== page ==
Diamond Ranch earns first boys basketball title with resiliency, team work
Kristin Murphy, Deseret News
RICHFIELD — Tyus Millhollin hated the decision his parents made to send him from his Sacramento, California, home to a residential treatment high school in Hurricane, Utah.
But nearly a year later, the senior can’t even find the words to express his gratitude for a journey he didn’t want to take.
“(Diamond Ranch Academy) is a blessing in disguise,” said Millhollin, after he helped the Diamondbacks win their first 1A state basketball championship with a 62-57 victory over Rich Saturday at the Sevier Valley Center. “Ten months at DRA is no joke. Your parents send you there, and you don’t talk to them for a couple of weeks. It’s one of the hardest things any kid could go through.”
Millhollin initially said he was quitting basketball after being a Division I prospect last winter. But after a few months at Diamond Ranch, he began to soften, especially after meeting some of his teammates, like Salt Lake native Bowen Sykes.
He said “living together, fighting with each other, sharing showers, sharing clothes, it’s honestly a brotherhood.”
That brotherhood helped the school earn its first football title in the fall, and now it has its first basketball title. Millhollin, who played wide receiver for the football team, said the win Saturday night was much more emotional for him because of how much he loves the game.
But before that, Rich, the defending champion, came out on fire.
Mitch Jarman, Koy Brown and Nick Jarman all hit 3-pointers while the Diamondbacks struggled from the field. Both teams played well defensively, with the exception of Diamond Ranch allowing those long-range shots. The Rebels owned a 25-18 lead heading to halftime, which is when Diamondbacks head coach Trevor Jenson would have some tough questions and a new plan.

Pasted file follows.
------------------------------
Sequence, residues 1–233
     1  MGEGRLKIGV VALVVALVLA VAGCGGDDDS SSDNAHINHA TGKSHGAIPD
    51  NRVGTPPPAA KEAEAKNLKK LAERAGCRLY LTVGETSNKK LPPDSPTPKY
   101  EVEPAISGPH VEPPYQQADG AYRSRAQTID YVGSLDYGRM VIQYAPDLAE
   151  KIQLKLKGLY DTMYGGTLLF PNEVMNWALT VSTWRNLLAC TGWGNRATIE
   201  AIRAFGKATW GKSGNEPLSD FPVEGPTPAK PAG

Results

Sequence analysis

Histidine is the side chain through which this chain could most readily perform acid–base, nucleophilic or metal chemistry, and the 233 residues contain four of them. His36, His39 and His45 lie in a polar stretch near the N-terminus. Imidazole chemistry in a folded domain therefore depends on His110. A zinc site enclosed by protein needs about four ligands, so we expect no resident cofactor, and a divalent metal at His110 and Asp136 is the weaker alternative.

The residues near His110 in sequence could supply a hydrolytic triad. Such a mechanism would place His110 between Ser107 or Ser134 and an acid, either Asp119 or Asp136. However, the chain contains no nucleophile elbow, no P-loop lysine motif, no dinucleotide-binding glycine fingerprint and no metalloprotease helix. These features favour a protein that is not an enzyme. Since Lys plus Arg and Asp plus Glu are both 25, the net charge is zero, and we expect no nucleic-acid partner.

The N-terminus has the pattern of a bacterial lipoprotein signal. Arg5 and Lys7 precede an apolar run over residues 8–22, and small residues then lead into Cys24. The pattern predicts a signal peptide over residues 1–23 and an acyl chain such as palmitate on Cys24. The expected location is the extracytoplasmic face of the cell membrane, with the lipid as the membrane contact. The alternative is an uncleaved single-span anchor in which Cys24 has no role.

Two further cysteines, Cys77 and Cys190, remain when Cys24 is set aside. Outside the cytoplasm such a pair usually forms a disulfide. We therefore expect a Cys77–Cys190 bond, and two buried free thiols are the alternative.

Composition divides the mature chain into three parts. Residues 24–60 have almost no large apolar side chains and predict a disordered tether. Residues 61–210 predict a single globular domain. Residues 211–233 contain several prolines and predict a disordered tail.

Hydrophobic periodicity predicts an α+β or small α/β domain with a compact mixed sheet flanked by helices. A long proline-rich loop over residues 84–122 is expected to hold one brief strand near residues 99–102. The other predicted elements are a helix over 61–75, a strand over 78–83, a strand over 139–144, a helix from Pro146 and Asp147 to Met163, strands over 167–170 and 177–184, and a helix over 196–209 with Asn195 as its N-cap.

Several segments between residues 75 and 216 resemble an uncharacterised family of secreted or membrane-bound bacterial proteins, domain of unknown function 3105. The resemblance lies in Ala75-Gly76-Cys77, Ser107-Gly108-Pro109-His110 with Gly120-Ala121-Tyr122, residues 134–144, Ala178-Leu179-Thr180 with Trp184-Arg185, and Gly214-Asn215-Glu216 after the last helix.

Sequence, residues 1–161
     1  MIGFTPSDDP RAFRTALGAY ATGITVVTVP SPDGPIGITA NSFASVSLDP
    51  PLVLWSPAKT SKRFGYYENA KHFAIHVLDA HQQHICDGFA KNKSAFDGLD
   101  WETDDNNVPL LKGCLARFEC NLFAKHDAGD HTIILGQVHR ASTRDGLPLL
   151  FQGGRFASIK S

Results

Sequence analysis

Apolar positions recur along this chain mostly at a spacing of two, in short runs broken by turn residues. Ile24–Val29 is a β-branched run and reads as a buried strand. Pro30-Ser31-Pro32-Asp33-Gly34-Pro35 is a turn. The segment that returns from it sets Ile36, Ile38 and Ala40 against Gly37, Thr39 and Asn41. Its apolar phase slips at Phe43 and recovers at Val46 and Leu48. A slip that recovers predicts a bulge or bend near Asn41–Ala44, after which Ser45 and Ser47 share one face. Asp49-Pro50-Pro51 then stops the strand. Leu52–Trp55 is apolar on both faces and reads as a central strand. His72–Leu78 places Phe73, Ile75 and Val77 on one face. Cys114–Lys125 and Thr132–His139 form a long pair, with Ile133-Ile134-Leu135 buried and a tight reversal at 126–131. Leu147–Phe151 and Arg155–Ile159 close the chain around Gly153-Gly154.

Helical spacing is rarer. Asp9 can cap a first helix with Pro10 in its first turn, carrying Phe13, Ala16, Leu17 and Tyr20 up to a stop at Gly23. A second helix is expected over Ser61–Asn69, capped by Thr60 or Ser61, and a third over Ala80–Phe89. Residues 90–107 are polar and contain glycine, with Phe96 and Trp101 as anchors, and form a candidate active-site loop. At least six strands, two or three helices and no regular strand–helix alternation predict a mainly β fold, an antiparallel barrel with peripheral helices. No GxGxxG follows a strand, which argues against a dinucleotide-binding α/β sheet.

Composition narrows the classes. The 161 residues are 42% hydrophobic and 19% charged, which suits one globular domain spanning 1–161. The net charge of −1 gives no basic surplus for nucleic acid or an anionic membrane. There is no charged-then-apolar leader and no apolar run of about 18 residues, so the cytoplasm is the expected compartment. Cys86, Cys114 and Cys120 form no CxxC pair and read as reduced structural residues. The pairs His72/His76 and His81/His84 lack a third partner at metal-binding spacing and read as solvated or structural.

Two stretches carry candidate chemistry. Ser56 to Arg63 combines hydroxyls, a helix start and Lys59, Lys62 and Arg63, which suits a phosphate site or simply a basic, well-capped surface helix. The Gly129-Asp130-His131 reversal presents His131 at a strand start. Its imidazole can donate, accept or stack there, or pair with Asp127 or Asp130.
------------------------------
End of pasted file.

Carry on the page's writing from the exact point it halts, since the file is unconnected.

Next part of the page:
“They lit us up in the first half, which is what got them the lead,” Jenson said. “I got worried, I won’t lie. Rich is a good team, and they execute their offense well.”
Millhollin said Jenson asked them if they remembered this was the last game of their high school careers? When they said yes, the coach said, “Then play like it.”
Jenson said they came out with a different offensive plan that allowed them to take advantage of some situations they’d seen in the first half. The Diamondbacks outscored Rich 24-17 in the third quarter, in what was a true team effort. Ryan Jones hit some big shots and sophomore Dakota Steen was key on the boards, especially when Sykes went to the bench. Even role players like Blake Vonachen came in and did just enough to help the team claw its way back into the fast-paced game.
“They’re resilient,” Jenson said of this players. “Rich got us off our game in the first half. I think with Tyus, it was nerves and taking (bad) shots. They were playing good straight-up defense, which is what we want. We’ve got some good men and good ball handlers that can exploit that. We just weren’t executing in the first half.”
Foul trouble made the Diamondbacks come back tougher after Sykes and guard Nick Johnson each struggled with foul trouble. Sykes picked up his fourth foul midway through the third quarter and had to go to the bench with his team trailing 37-31.
“I was just frustrated,” said Sykes, who finished with 16 points and seven rebounds. “I usually don’t get in foul trouble, so when I do, I get mad at myself.”
Steen, who finished with 16 points and seven rebounds, said he had his own moments of doubt in the game.
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